MERIDIAN CIRCLE. An instrument used for determining the meridian altitude or zenith distance of a star. It consists of an astronomical telescope firmly fixed to a graduated circle. which moves about a horizontal axis, resting OD a pair of very solid supports. In the common focus of the eye-piece and object-glass of the telescope is a system of fixed eross-wires (spider lines are generally used for the purpose), one being hori zontal, and five or more vertical, with equal spaces between. An imaginary line passing through the optical centre of the object-glass and the intersection of the horizontal and middle ver tical wires is called the line of collimation of the telescope, and, when the instrument is in per fect adjustment, this line moves in the plane of the meridian. Besides the above-mentioned fixed wires there is a movable one, called a micrometer wire, which is moved by means of a screw, re maining always parallel to the fixed horizontal wire. If the instrument is in perfect adjustment, and if the image of a star, while passing across the middle vertical wire in the field of view, is at the same time bisected by the fixed horizontal wire. the star is at that moment in the line of collimation of the telescope. It is therefore at that moment in the meridian. and its meridian zenith distance is the angle through which the circle would have been (turned from the position it had when the line of collimation of the tele scope pointed to the zenith. There is a fixed pointer, for the purpose of approximately read ing the instrument. if the instillment was ad justed so that the pointer was opposite the zero point of the circle. when the line of collimation of the telescope pointed to the zenith. the arc measured on the circle between these two posi tions of the instrument is the meridian zenith distance of the star.
Great nicety is required in reading the instru ment; i.e. in determining exactly the are through which the circle has moved in lninging the tele scope from the vertical to any other position. The rim is usually graduated at intervals of five minutes; and the eye could determine only the division nearest to the fixed index. But by means of a reading microscope or micrometer (q.v.), fixed opposite to the rim, the portion of the in terval to the Dearest division on the rim can be read to seconds. There are sometimes six such microscopes fixed opposite different points of the rim; and the reading of the instrument is the mean of the readings of all the microscopes. 'This tends to eliminate errors arising from imperfect graduation and errors of If the instrument is properly adjusted, the zero point of the circle will be opposite the tixed pointer when the line of collimation of the telescope points to the zenith. In practice, however, this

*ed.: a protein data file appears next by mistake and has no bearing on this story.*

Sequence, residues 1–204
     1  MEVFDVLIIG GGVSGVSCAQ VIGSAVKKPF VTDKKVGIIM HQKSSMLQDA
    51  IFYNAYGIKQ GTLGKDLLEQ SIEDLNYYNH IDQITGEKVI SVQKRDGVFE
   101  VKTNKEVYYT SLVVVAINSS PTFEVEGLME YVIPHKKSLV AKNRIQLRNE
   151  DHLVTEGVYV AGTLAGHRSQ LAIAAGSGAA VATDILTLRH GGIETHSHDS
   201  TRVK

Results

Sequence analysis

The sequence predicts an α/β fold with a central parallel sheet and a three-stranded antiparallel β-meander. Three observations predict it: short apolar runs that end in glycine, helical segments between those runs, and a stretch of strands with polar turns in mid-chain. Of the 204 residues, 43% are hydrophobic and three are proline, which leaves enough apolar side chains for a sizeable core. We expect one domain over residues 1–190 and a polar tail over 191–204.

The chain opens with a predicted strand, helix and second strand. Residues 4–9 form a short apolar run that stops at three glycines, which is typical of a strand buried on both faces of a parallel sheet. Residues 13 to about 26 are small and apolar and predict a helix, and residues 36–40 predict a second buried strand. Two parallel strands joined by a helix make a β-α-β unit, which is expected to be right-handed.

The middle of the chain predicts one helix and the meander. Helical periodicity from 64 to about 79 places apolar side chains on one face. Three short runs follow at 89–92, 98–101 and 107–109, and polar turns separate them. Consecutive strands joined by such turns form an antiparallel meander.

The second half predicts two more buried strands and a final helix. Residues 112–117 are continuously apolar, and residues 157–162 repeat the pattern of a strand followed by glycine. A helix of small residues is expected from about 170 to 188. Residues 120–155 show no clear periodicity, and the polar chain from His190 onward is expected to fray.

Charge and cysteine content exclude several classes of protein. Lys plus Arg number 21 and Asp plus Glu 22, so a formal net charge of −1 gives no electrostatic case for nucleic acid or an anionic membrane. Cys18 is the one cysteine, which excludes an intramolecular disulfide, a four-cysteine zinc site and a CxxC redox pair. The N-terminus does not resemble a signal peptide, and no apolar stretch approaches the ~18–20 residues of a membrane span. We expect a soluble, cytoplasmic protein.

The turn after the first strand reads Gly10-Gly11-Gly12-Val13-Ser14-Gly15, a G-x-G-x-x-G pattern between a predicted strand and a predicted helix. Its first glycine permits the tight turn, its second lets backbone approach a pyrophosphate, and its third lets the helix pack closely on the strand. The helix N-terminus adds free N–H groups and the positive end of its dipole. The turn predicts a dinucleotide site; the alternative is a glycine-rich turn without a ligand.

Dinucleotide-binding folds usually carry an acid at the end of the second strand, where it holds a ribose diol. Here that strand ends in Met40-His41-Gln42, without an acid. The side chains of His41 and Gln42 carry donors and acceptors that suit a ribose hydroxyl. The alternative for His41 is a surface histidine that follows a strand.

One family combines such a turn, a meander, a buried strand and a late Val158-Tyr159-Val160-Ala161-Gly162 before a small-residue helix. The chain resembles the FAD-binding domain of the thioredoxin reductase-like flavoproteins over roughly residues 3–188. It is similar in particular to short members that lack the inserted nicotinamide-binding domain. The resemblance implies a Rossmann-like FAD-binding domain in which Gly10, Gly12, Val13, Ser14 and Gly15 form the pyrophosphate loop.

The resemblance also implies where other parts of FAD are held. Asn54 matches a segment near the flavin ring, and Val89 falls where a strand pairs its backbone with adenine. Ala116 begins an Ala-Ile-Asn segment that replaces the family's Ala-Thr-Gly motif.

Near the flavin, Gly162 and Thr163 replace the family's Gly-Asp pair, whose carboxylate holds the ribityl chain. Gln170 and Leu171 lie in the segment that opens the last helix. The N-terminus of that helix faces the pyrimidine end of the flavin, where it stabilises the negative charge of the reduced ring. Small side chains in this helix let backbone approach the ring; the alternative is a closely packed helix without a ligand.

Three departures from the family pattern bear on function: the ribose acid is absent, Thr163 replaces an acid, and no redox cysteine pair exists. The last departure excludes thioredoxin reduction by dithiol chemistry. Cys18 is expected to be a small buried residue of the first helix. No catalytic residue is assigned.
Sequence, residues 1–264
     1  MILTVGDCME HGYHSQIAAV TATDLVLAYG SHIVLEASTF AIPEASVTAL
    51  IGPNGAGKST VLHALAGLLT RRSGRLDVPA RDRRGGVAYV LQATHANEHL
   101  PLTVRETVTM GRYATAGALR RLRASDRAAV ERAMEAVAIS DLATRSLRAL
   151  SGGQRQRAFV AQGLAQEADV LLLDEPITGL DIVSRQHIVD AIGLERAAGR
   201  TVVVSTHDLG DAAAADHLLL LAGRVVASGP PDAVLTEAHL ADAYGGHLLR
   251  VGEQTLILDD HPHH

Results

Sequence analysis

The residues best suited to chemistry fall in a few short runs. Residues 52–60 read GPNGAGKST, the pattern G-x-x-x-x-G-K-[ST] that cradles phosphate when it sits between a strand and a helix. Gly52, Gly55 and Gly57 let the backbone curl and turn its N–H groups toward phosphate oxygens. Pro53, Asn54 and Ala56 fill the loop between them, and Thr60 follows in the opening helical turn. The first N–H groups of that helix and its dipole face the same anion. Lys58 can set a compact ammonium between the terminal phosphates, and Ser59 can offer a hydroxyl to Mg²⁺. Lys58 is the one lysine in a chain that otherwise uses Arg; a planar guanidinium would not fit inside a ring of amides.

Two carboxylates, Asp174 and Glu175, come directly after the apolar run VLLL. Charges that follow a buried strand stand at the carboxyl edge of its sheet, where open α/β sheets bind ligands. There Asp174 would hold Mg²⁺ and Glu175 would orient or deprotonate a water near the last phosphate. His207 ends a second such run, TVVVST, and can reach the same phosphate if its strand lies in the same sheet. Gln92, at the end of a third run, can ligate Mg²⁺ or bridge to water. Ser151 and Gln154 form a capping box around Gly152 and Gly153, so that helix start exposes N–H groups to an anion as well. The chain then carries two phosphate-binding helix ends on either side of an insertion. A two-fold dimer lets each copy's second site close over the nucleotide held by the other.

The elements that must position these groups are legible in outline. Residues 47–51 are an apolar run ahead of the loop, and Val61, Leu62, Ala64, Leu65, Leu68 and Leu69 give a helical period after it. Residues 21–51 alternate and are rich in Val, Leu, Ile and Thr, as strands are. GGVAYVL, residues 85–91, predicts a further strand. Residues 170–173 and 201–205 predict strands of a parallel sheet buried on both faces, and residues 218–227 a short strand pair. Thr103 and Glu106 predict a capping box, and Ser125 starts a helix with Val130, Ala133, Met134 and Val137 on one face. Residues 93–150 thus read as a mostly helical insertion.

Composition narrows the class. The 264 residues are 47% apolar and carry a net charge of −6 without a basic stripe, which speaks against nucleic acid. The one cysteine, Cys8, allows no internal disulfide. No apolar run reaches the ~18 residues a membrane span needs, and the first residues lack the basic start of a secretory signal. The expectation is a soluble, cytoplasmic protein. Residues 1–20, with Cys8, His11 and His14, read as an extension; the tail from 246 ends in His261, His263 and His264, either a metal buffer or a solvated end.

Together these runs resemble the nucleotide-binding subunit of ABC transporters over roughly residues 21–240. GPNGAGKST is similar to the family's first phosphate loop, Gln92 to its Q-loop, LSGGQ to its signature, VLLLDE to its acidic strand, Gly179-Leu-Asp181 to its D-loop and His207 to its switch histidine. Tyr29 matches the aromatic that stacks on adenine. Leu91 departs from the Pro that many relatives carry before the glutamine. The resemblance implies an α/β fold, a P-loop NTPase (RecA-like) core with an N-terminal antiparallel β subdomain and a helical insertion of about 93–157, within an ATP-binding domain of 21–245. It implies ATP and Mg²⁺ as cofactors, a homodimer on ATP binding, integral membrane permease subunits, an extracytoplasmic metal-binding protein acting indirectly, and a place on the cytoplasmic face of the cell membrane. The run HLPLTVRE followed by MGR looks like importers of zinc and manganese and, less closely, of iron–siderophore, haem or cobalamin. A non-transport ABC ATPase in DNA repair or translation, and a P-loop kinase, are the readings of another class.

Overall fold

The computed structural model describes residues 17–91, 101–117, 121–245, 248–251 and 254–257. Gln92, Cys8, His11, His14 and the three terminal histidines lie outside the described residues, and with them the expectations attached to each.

is not always accurately, or even approximately, the ease, and is really of no consequence, as the thinI result, of every observation is the difference between two readings. It is evident that the difference between any two readings of the instru ment will represent the angle through which the line of collimation of the telescope moves in pass ing from one position to the other. It remains to show how a fixed point. viz. the nadir (q.v.), is observed, and then how an observation is taken of the star itself on its meridian passage. It must be explained here that the fixed horizontal wire in the eye-piece of the telescope, in the instru ment as now used, is only an imaginary line, which determines the line of collimation of the telescope. It coincides with the position of the micrometer wire when the screw-head of the micrometer marks zero.
To observe the nadir, a trough of mercury is placed underneath the instrument, and the tele scope is turned so as to look vertically down ward into it. An image of the system of cross wires which is in the common focus of the object glass and eye-piece will be reflected back again to nearly the same focus. Looking into the tele scope, the ObSerVCr now adjusts it by means of a slow-motion screw till the reflected image of the horizontal wire coincides with the real one. The tinal adjustment is perhaps most delicately ef fected by turning the serew-load of the mierome ter which moves the wire itself. When they coincide, the line joining the centre of the object glass of the telescope with the intersection be tween the middle vertical and horizontal micro metric wire will be vertical. For thht position of the movable wire, the circle now gives the exact nadir reading, which differs 150° from the true zenith reading.
Again, to observe a star in the meridian, the instrument is previously adjusted so that the star, in passing the meridian, shall pass over the field of view of the telescope. As the image of the star approaches the centre of the field. the oh server adjusts the telescope by the slow-motion screw, so as very nearly to bring the image of the star to the horizontal wire. Finally, just as the star passes the middle vertical wire, lie bisects the image of the star with the hori zontal wire ln• a touch of the micrometer screw heml. The circle tieing now clamped (or made fast ), the• reading is determined as before by reading• the pointer and microscopes, and adding or subtracting, as the ease may he, the reading of the micrometer. This reading now subtracted from the zenith reading gives I he meridian zenith distance of the star; and this, igain, subtracted from Ott , gives its meridian altitude above the horizon. See TR.% NSIT IN STRU NI ENT.